9. SPECIAL REPORTS • Intrinsic vs. Instrumental Value Box 3. Categories of Valuation Techniques - There are different philo- Approaches Based on Market Values sophical viewpoints on ‘value’. • Observed Market Value and the Related Goods Approach –market prices for CBA is founded on the instru- environmental goods and services can be combined with quantity information to derive mentalist view, whereas it is estimates of value. The related goods approach uses information on the relationship argued that the ‘true’ notion of between a marketed and non-marketed good or service to estimate the value of the non-marketed good (e.g., barter exchange approach, direct substitute approach, indirect biodiversity value is intrinsic. substitute approach). • Relative vs. Absolute Value - • The Productivity Approach – uses market prices to value environmental services in CBA embodies the situations where environmental damage or improvement shows up in changes in the quantity or price of marketed inputs or outputs. economist’s notion that value • Cost-Based Methods – use some estimate of the costs of providing or replacing a is relative, i.e., the value of good or service to approximate its benefit (e.g., opportunity cost, indirect opportunity something is always relative to cost, restoration cost, replacement cost, relocation cost, preventive expenditure). something else. Critics argue Cost-based methods are second best techniques and must be used with caution. that biodiversity has absolute Revealed Preference Approaches - use information about a marketed commodity to infer the value of a related, non-marketed commodity (e.g., travel cost method, hedonic pricing value in itself, and hence it method). cannot be measured relative Stated Preference Approaches - elicit directly, through survey methods, consumers’ to other things. willingness to pay for non-marketed environmental values (e.g. contingent valuation method). • Incremental vs. Total Values - CBA values discrete changes ample, to estimate ‘option values’ Valuation approaches can be in the stock of biodiversity. It for future uses. Also, the baseline broadly categorised according to is argued that CBA might information allows setting of man- market values, revealed preference judge each small loss of agement and research priorities approaches and stated preferences 3 biodiversity as being justified, (Huber et al, 1997). approaches (OECD, 2002) . Valua- while overlooking the fact that tion approaches based on market each small change contributes An Overview of Valuation values rely on the availability of to the risk that the total stock Techniques2 market price and quantity informa- will be lost (Norton, 1988). A range of techniques is avail- tion to derive total values. Revealed Despite these drawbacks there is able for the estimation of biological preference valuation techniques seek considerable scope for at least se- resource values (see Box 3). A com- to determine preferences for the curing minimum values for biologi- prehensive valuation would capture environment from actual, observed cal diversity through the use of the Total Economic Value (TEV) of market based information. Often, approaches focused on the market the resource (i.e., use and non-use when no market price exists for an values of the sustainable uses of values). Different valuation ap- environmental good or service, biodiversity (e.g., ecotourism, and proaches are applicable to the dif- peoples’ preferences for the envi- the collection of medicinal plants and ferent components of TEV. Direct ronment can be ‘revealed’ indirectly other non-timber forest products use values are relatively straightfor- by examining their behaviour in [NTFP]). Measuring these direct use ward to measure, and usually in- markets that are linked to the envi- values of biodiversity conservation is volve the market value of produc- ronment. Some goods and services extremely important since biodiversity tion gains. Since environmental func- are complements to environmental will be more prone to loss when these tions are rarely exchanged in mar- quality, while others are proxies, are not appreciated. Furthermore, kets, measurement of indirect use surrogates or substitutes for it. There- estimates of direct use values pro- values typically entails more com- fore, by examining the prices paid vide an important benchmark for plex techniques such as the change in environment-related markets, other, less easily quantified, uses. in productivity approach, travel cost peoples’ environmental preferences While most of these other uses are method, and hedonic pricing can be uncovered (Pearce and still associated with some particular method. Non-use values can only Moran, 1994). An advantage of current or future use (such as be defined from surveys of people’s these techniques is that they rely on bioprospecting or amenity), the preference about their WTP (e.g., actual choices rather than on the uncertainty associated with valuing Contingent Valuation). Non-use creation of a hypothetical market to these goods and services is often values tend to be important in cer- uncover the value of the environmen- orders of magnitude greater than the tain contexts, notably when the good 2 This paper provides a non-technical uncertainty associated with the in question has few substitutes. Since overview of valuation techniques. For a simple direct (but often untraded) many biological resources are by detailed account on methodologies, see Freeman, 1994; Johansson, 1994. uses. The availability of such baseline definition unique, their non-use value 3 Many authors categorise valuation information is necessary, for ex- is likely to be significant. techniques differently. 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  10. SPECIAL REPORTS tal good or service in question as Table 1. Observed Market Prices and Related Goods Approach – Advantages and Limitations stated preference approaches do. Advantages Issues / Limitations The correct measure of value is an Relatively simple. Market values tend to reflect actual use and individual’s maximum WTP to pre- hence ignore non-use values. vent environmental damage or High intuitive appeal. Does not capture consumer surplus. realise an environmental benefit Likely to require the undertaking of market surveys and (represented by the area under the direct use surveys (However such surveys are simpler demand curve). Economic values and less costly to conduct than those required by more comprise both the price paid in sophisticated approaches). markets and the consumer surplus Large data requirements may be necessary to estimate that users obtain. Consumer surplus theoretically correct values. indicates the excess of what the consumer would have been willing values should be recorded and or service. By using information to pay over what he or she actually reported. Such information will con- about this relationship and the price had to pay. This concept is particu- tribute to priority setting. of the marketed product, the analyst larly important when estimating the may be able to infer the value of the benefits of environmental goods and Observed Market prices non-marketed product. For ex- services that have a low, or no market Where market prices exist they ample, the direct substitute approach price. In such cases, the entire area can be combined with quantity in- bases the value of a non-marketed under the demand curve represents formation to estimate the value of a good such as fuelwood, on the price the benefit of the good. To estimate resource. The use of market prices of its closest marketed substitute (e.g., economic value, we therefore need is undoubtedly the most straightfor- charcoal) and the rates of exchange to be able to derive the demand ward of the valuation approaches between them. curve. Valuation approaches based and provides a relatively cheap and on market values do not allow us to quick estimate of value. However, Application to Biodiversity do this and so will always underes- few studies report theoretically cor- Many natural resource products timate the true value of the resource. rect estimates due to data constraints. have market prices that can be used Strictly speaking efficient prices in the valuation exercise, for ex- Valuation Approaches should be used, i.e., they should ample, non-timber forest products, The following section provides a account for any distortions such as and genetic material for agricultural brief description of the individual externalities, taxes and subsidies. products and drugs. Empirical stud- valuation approaches. For each tech- Values used should be net of pro- ies demonstrating the values of nique a Table is provided summarising duction costs. They should also be naturally occurring products are its advantages and limitations, and its based on optimal harvesting levels, common (see Bann 1998, Pearce application to biodiversity valuation is and account for seasonal changes and Pearce, 2001 for review). outlined. In reality, decisions on what in production and prices. Market valuation approach to use will depend analysis may also be necessary to The Production Function Approach on the nature of the study plus the understand the likely effects of market The production function approach availability of resources (funds, time expansion, shifts in demand and in- is a common economic technique, and expertise). ternational price fluctuations. which relates output to different lev- els of inputs of the so-called factors Approaches Based Related Goods Approach of production (land, labour, capital, on Market Values The related goods approach raw materials). It is often thought of There are three valuation ap- consists of three similar valuation as the most straightforward way to 4 proaches based on market values: techniques: barter exchange, direct valuing the environment . • Observed market value and substitute, and indirect substitute More formally, the production related goods approach approach. These relatively simple, function for a single output may be • Productivity approach intuitive approaches are often useful given by: • Cost based methods includ- for estimating products in develop- y = F (X, Z) ing replacement cost. ing countries that are largely used Approaches using market prices by rural communities for subsistence 4 Variously called the change in produc- offer the most pragmatic route to purposes or traded informally. These tion approach, the input-output or dose response approach. All involve an the monetisation of environmental approaches are based on the fact attempt to relate the incremental output use values. Therefore, economic that often a non-marketed good or of a marketed good or service to a measurable change in the quality and values such as they exist in market service is related to a marketed good quantity of a natural resource. 10 APRIL-JUNE 2002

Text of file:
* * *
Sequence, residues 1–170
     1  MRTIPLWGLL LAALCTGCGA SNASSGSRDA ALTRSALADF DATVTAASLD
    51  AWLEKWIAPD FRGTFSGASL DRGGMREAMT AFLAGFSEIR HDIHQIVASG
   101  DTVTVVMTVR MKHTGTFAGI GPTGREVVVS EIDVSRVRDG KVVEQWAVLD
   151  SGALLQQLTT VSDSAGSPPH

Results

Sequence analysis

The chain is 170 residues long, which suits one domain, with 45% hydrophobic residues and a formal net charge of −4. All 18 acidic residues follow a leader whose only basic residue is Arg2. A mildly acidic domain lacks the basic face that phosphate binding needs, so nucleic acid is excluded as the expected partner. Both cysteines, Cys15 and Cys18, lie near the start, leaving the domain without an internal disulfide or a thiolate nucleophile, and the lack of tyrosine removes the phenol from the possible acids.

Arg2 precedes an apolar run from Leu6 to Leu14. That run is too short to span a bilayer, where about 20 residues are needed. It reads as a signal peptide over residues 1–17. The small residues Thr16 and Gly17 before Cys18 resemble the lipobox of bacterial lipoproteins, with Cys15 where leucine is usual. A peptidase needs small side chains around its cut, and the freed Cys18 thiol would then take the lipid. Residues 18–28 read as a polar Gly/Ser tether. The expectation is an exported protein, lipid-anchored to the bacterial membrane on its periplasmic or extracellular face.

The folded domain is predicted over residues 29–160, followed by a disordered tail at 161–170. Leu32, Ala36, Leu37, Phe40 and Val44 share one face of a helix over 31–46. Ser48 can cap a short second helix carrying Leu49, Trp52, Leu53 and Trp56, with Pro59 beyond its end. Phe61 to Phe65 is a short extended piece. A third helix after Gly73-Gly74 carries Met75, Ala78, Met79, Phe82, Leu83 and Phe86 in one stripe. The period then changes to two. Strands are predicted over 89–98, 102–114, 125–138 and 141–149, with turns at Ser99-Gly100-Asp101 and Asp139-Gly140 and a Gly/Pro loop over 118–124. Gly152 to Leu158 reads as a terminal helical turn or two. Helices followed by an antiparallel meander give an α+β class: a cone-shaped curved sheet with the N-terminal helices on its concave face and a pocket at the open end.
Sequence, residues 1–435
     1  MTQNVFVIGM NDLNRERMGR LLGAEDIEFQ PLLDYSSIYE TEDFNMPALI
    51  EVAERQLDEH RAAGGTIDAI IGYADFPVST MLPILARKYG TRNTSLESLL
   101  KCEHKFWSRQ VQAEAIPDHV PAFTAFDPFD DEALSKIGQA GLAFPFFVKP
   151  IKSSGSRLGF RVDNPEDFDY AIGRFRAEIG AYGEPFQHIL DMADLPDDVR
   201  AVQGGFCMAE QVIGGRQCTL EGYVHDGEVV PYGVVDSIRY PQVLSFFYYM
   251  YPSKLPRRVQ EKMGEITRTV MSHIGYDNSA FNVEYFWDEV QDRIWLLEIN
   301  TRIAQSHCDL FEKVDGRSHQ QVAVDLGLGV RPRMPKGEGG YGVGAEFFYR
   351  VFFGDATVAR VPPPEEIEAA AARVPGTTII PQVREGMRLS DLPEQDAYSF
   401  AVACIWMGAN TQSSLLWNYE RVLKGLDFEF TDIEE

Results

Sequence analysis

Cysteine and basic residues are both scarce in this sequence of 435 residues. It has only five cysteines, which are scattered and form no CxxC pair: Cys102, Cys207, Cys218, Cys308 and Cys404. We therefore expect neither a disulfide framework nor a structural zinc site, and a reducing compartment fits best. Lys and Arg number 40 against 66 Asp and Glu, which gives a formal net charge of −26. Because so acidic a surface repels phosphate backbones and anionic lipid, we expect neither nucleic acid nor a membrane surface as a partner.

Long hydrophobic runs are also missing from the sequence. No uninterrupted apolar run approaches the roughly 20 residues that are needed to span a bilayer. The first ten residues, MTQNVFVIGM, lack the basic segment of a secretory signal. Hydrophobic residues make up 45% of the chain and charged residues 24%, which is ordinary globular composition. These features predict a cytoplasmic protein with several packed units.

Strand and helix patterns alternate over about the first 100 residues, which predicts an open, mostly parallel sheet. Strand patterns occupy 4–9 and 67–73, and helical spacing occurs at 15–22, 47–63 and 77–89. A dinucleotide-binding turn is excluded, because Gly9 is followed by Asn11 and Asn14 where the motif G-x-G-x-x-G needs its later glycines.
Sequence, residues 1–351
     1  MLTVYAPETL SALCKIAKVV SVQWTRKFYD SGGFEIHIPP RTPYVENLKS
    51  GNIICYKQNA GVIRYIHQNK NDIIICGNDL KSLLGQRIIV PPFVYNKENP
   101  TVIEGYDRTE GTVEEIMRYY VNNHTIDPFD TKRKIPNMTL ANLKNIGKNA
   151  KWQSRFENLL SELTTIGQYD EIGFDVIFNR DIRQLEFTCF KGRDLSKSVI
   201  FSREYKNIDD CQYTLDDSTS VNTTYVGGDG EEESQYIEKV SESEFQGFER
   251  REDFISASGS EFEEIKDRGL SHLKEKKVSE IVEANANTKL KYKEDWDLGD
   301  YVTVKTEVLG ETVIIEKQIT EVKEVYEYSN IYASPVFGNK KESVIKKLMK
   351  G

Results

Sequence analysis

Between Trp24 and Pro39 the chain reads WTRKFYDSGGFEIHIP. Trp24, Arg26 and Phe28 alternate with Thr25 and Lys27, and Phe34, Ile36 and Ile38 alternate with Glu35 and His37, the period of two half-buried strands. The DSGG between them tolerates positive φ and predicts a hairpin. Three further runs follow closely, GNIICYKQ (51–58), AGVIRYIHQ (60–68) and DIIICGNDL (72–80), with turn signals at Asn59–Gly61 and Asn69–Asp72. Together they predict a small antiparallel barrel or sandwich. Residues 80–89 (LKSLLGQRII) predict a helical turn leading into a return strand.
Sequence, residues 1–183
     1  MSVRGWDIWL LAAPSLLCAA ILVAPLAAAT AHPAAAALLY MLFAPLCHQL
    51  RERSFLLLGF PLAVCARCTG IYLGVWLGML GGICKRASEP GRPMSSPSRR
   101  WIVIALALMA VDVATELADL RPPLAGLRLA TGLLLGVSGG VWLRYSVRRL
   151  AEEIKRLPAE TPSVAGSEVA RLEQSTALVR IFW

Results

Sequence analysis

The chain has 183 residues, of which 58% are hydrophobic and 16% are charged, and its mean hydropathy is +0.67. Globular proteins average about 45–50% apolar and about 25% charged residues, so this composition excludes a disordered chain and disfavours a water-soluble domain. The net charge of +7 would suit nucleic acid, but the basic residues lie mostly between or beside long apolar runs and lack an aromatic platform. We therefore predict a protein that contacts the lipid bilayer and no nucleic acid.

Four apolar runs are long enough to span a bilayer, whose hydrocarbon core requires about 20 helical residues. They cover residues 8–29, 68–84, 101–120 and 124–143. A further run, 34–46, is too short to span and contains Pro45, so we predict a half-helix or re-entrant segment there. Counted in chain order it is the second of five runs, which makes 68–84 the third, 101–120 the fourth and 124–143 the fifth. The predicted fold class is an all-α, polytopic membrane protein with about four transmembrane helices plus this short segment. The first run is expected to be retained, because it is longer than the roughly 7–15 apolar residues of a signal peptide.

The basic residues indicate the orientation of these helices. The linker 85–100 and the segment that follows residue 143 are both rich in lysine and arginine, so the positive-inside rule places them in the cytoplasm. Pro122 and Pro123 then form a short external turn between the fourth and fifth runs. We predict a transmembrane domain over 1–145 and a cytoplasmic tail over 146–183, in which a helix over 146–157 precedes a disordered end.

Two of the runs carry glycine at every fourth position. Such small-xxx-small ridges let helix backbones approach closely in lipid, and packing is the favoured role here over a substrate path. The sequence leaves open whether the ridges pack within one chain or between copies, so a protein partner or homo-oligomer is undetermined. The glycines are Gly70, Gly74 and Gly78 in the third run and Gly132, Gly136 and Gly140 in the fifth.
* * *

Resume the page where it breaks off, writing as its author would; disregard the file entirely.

11. SPECIAL REPORTS where X is a set of inputs (e.g., is clear and can be observed, or Cost-Based Valuation land, capital) and Z is the input of tested empirically; and, markets Cost-based valuation techniques the un-priced environmental re- function well, so that price is a good assess the costs of different measures source. Let us assume that we can indicator of economic value (OECD, that would ensure the maintenance measure output y that has a market 1995). of the benefits provided by the price. If prices of inputs X are not Specifying the physical effect of environmental good or service be- expected to change when supply of a change in environmental quality, ing valued. These cost estimates are the environmental resource (Z) and the resulting impact of the then used as proxies for the non- changes, then the economic value physical effect on the economic market environmental benefit in of the change in the supply of Z is activities can be difficult and data question. Cost-based valuation the value of the production change intensive in practice. These functions approaches include: opportunity associated with the change in Z at may be estimated or derived from cost-based approaches; ap- constant inputs of the other factors existing literature, but ideally expert proaches that measure environmen- 5 (X) (Pearce and Moran, 1994) . scientific studies are required. tal values by examining the costs of For example, assume that an Where environmental change has reproducing the original level of ben- ecological function of a tropical forest a sizeable effect on markets, a more efits (e.g., the replacement, restora- is support for downstream fisheries complex view needs to be taken of tion and relocation cost methods); by ensuring a regular flow of clean the market structure, elasticities, and and, the preventative expenditure ap- water to spawning grounds for fish supply and demand responses. proach, which examines the up front and nurseries for fry. The forest area Consumer and producer behaviour payments made to prevent environ- 6 in the watershed (S) may therefore needs to be introduced into the mental degradation. have a direct influence on the catch analysis as behaviour may alter in A practical difficulty is ensuring of some fish species dependant on response to changes in the environ- that the cost of maintenance will the area, Q, which is independent ment. In addition, the impacts of provide a benefit equivalent to the from the standard inputs of commer- market conditions and regulatory benefit of the original good. A cial fishery, Xi...Xk. Including forest policies affecting production deci- potential cause of overestimation watershed area as a determinant of sions need to be taken into account. occurs if the benefits of maintenance fish catch may therefore ‘capture’ Unless these factors are accounted do not exceed the costs of main- some element of the economic con- for, the production function approach tenance. If this is the case, then the tribution of this ecological support may produce unreliable information. investment is not a profitable use of function (Barbier 1992). economic resources and the cost of Application to Biodiversity Valuation maintenance activities may be Q = F(Xi...Xk, S) The production function ap- larger than the WTP for the original proach has strong intuitive and prac- environmental benefits 7 . Con- The approach is most appropri- tical appeal and has been used versely, if the benefits generated by ate where: the environmental change frequently in developing regions to the maintenance activity exceed that directly causes an increase or de- estimate the indirect functions of of the original environmental ben- crease in the output of a good (or ecosystems. For example, the im- efits, then the costs of maintenance service) which is marketed; the effect pact of deforestation on soil erosion activity may surpass the WTP for the 5 This approach can also be applied to and water production and quality, 6 The preventative expenditure approach is output which is not marketed but where and the impact of the loss of man- also referred to as the ‘defensive an actual market exists for similar expenditure approach‘ ‘mitigation substitutes or goods. grove area on fish productivity. approach’ or ‘avertive behaviour approach’. There are two different Table 2. Production Function Approach – Advantages and Limitations approaches to this type of analysis and only one of them is truly a cost-based Advantages Issues / Limitations valuation technique. If estimates of what people are willing to pay to prevent Strong intuitive and practical Specifying biophysical relationship can be complex and/or damage to the environment or them- appeal, therefore popular with data intensive. selves are elicited through the use of constructed markets, or by the examina- policy/decision makers. tion of past events in similar circum- Market values tend to reflect actual use and hence ignore stances through the use of revealed non-use values. preferences exhibited through actual or Does not capture consumer surplus. surrogate markets, first based estimates of value will be derived. Market prices need to be corrected for market and policy 7 In certain cases, such as estimating the distortions. costs of relocating communities affected by land use changes, satisfying this Where the environmental change has a sizeable impact condition may not be critical. Concerns on the market, a more complex view of market structure over equity (ensuring just compensation) is necessary. may override any economic criteria being placed on the cost of relocation. ASEAN BIODIVERSITY 11